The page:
Is birthright citizenship in the US Constitution

"It's ridiculous and it has to stop": With these words, US President Donald Trump said it in an interview birthright reviled. The birthright or ius soli, the birthplace principle for citizenship, is enshrined in the US Constitution.

In an interview with the online news site Axios Trump said when asked that he would abolish this regulation. He wanted that from the start. But it has always been said that you need the approval of Congress for a constitutional amendment. "Now they say I can only do it with an executive order." The US President does not explain who "she" is at this point, he is probably referring to legal advisors.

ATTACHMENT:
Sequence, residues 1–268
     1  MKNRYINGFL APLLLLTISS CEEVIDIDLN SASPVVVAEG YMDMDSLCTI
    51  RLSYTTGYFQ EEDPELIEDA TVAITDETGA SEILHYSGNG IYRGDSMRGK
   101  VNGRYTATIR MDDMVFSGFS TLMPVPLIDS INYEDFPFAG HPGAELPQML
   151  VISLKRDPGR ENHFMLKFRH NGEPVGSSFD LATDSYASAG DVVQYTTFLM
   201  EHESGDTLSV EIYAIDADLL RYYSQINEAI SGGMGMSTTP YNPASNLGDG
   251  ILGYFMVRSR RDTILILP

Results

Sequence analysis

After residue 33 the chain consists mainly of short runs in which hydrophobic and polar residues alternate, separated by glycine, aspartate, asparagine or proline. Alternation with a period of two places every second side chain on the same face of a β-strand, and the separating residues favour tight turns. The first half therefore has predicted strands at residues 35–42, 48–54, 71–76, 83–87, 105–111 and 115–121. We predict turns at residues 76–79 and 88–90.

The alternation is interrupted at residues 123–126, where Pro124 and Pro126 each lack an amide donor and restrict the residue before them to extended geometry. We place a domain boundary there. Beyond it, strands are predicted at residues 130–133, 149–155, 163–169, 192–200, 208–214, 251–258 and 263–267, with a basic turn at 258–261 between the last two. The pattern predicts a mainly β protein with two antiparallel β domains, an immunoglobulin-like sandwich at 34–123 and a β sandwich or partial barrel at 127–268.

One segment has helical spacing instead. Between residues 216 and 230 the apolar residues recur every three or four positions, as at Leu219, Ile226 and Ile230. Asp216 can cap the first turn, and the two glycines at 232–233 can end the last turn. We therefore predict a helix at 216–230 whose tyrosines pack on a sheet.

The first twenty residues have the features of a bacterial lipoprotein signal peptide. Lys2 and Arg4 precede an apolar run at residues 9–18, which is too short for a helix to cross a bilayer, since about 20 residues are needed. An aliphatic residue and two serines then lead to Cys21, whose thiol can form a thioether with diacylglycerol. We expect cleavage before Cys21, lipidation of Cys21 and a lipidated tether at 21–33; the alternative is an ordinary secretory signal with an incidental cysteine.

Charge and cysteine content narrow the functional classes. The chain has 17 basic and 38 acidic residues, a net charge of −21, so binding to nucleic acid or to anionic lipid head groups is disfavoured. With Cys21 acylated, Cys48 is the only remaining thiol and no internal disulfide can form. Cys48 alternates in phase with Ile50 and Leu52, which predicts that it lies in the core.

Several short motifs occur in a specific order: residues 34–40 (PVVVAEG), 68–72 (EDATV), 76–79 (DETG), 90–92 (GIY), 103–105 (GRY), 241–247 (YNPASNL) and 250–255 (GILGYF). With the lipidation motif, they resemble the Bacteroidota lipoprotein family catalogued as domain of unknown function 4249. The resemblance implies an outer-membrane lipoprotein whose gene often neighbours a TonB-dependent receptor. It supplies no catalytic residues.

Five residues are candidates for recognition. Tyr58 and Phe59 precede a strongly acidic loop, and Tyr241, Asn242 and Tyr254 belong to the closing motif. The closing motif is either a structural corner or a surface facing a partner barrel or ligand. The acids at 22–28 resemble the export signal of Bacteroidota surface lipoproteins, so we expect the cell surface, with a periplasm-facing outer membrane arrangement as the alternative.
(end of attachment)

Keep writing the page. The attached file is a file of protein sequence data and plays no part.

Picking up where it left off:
Trump also declares that he will definitely make the change by decree. "It's already underway, it's going to happen." Trump has announced one of the most drastic measures to date in his anti-immigration policy.

So far: Anyone born in the United States basically automatically has US citizenship. This unusual arrangement is one of the founding principles of United States immigration policy. It is linked to the self-image of being a land of immigrants, which binds land law and not ancestry to their nation.

Even those who are born in Germany do not automatically receive German citizenship. Only if one parent has been legally resident in Germany for eight years at the time of birth and has an unlimited right of residence, the child automatically becomes a German citizen.